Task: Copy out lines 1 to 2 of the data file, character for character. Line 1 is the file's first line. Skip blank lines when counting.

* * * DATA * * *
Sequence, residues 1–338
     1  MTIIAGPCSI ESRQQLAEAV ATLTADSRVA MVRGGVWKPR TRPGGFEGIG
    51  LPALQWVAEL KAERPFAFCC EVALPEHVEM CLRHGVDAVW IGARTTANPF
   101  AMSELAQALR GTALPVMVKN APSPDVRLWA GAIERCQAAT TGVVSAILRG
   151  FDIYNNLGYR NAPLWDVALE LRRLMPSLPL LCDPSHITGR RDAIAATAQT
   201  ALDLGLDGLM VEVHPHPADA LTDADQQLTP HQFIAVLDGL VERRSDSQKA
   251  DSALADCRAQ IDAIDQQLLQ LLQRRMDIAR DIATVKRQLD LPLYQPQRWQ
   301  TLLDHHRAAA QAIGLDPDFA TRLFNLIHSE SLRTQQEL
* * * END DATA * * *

Sequence, residues 1–338
     1  MTIIAGPCSI ESRQQLAEAV ATLTADSRVA MVRGGVWKPR TRPGGFEGIG